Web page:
Slot 55 can have any suitable size and can be configured to contain any number of brachytherapy seeds. Typically, slot 55 is slightly wider than the length of a brachytherapy seed, is slightly deeper than the diameter of a seed, and is long enough to hold the desired number of seeds. For example, slot 55 can be about three to about six millimeters wide (e.g., about 3, about 3.5, about 4, about 4.5, about 5, about 5.5, or about 6 millimeters wide), about 0.1 to about two millimeters deep (e.g., about 0.1, about 0.3, about 0.5, about 0.75, about 0.9, about 1, about 1.25, about 1.5, about 1.75, or about 2 millimeters deep), and can hold between 10 and 30 seeds (e.g., 10, 11, 12, 13, 14, 15, 16, 17, 18, 19, 20, 21, 22, 23, 24, 25, 26, 27, 28, 29, or 30 seeds). In another embodiment, slot 55 can have a depth that is about twice the diameter of a brachytherapy seed. For example, slot 55 can be between about 1.12 millimeters and about two millimeters deep (e.g., about 1.15, 1.2, 1.25, 1.3, 1.35, 1.4, 1.45, 1.5, 1.55, 1.6, 1.65, 1.7, 1.75, 1.8, 1.85, 1.9, 1.95, or about two millimeters deep). In such an embodiment, slot 55 can contain two parallel rows of brachytherapy seeds, and thus can hold between 20 and 60 seeds (e.g., 20, 22, 24, 25, 30, 35, 40, 45, 50, 55, 57, or 60 seeds). As shown in FIG. 6, the rows of seeds 67 can be staggered in slot 55.

With further reference to FIG. 5, seed holder 20 also can define channel 68, which can extend between first and second side surfaces 62 and 64 and through slot 55, and which can be positioned near proximal end 52 as shown in FIG. 3. When seed magazine 10 is installed in a brachytherapy device such as an applicator having a stylet, the stylet can be inserted through channel 68 in order to move individual seeds out of seed holder 20 and into a needle for placement within tissue. When slot 55 contains two parallel rows of seeds, the portion of slot 55 through which channel 68 passes can be configured (e.g., sloped) such that seeds can funnel into channel 68 one at a time.

Seed holder 20 also can have external threads 70 and ridge 72, which can be positioned toward distal end 50. External threads 70 of seed holder 20 can interact with internal threads 44 of housing 15 when seed magazine 10 is assembled. Ridge 72 can be used as a stop so that a user knows when seed holder 20 is fully installed in housing 15 (e.g., a user can screw housing 15 onto seed holder 20 until ridge 72 abuts proximal end 38 of housing 15). External threads 70 of seed holder 20 and internal threads 44 of housing 15 can be configured such that a minimum number of rotations are necessary to fully and securely install housing 15 on seed holder 20. For example, the threads can be configured such that three, four, five, or more than five rotations are necessary to install housing 15 on seed holder 20 such that ridge 72 abuts proximal end 38 of housing 15. In this configuration, the force required to strip external threads 70 and internal threads 44 can be less than the force required to break seed magazine 10, thus reducing the risk of magazine breakage by over-tightening of housing 15 on seed holder 20.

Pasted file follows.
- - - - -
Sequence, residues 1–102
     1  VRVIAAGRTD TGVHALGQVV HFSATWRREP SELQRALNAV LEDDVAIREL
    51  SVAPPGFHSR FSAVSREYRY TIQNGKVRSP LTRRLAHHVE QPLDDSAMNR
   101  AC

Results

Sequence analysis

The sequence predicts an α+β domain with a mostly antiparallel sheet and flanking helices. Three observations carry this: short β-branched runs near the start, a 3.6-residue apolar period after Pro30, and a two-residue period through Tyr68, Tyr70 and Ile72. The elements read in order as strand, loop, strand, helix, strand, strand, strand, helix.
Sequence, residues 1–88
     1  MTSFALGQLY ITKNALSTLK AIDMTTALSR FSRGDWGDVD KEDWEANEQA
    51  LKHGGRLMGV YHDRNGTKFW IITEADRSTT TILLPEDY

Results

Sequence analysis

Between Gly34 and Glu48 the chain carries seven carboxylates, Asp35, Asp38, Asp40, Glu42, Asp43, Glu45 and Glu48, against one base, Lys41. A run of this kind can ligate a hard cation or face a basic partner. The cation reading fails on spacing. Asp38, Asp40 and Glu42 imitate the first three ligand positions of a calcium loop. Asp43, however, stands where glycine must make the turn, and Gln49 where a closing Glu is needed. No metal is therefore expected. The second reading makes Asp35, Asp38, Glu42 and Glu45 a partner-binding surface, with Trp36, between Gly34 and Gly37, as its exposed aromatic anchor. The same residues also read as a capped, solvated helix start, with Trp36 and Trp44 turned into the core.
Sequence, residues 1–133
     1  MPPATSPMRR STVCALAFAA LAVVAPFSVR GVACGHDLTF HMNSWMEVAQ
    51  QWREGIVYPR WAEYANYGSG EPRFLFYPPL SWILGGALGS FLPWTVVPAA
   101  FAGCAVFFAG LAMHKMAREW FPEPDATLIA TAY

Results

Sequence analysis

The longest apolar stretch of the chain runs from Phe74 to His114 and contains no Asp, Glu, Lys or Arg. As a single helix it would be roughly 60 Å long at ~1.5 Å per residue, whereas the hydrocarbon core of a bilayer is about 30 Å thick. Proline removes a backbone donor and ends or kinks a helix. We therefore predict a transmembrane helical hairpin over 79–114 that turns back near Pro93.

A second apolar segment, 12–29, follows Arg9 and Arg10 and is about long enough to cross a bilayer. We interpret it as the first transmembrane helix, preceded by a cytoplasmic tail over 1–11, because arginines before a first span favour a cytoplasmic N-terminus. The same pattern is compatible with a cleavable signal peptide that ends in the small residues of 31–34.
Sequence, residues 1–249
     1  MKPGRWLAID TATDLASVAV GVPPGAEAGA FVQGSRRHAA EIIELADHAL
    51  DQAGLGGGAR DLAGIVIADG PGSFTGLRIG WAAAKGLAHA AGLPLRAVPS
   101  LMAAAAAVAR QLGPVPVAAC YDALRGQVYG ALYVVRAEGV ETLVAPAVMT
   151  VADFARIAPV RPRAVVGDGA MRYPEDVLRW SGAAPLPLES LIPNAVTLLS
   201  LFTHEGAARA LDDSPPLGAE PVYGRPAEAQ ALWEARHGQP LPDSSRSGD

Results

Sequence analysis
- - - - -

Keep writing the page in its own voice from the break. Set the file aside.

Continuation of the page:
With further reference to FIG. 5, bottom surface 60 and proximal end 52 of seed holder 20 can define recess 75. Brachytherapy devices such as the Mick® 200-TP and 200-TPV seed applicators typically contain a magazine retaining structure such as a ball-plunger, for example. Such structures can become jammed or otherwise unworkable after repeated use and sterilization. Recess 75 can be configured such that seed holder 20 will not interact (or will interact minimally) with a magazine retaining structure, and any jamming of a magazine retaining structure will not affect the insertion or removal of seed holder 20 into/from a device. Recess 75 can have any length, width, and depth. For example, recess 75 can have a length between 0.5 millimeter and 8 millimeters (e.g., 0.75, 1, 1.5, 2, 2.5, 3, 3.5, 4, 4.3, 4.5, 4.8, 5, 5.3, 5.5, 5.8, 6, 6.5, 7, 7.5, or 7.75 millimeters). Recess 75 can have a maximum width between 0.1 millimeter and 3 millimeters (e.g., 0.15, 0.2, 0.3, 0.5, 0.75, 1, 1.5, 2, 2.5, or 2.75 millimeters). Recess 75 can have a depth between 0.1 millimeter and 3 millimeters (e.g., 0.15, 0.2, 0.3, 0.4, 0.5, 0.75, 1, 1.5, 2, 2.5, or 2.75 millimeters).